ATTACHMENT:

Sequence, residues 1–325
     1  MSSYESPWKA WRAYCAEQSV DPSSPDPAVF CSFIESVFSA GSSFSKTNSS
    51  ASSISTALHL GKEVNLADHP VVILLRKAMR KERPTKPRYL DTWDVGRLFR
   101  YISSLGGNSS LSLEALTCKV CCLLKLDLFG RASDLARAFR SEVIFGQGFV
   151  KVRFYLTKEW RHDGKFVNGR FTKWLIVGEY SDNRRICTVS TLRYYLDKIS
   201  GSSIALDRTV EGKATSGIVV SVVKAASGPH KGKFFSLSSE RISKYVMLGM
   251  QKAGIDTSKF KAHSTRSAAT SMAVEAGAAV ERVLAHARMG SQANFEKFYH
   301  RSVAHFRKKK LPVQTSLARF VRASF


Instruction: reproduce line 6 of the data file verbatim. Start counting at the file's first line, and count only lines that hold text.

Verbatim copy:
   201  GSSIALDRTV EGKATSGIVV SVVKAASGPH KGKFFSLSSE RISKYVMLGM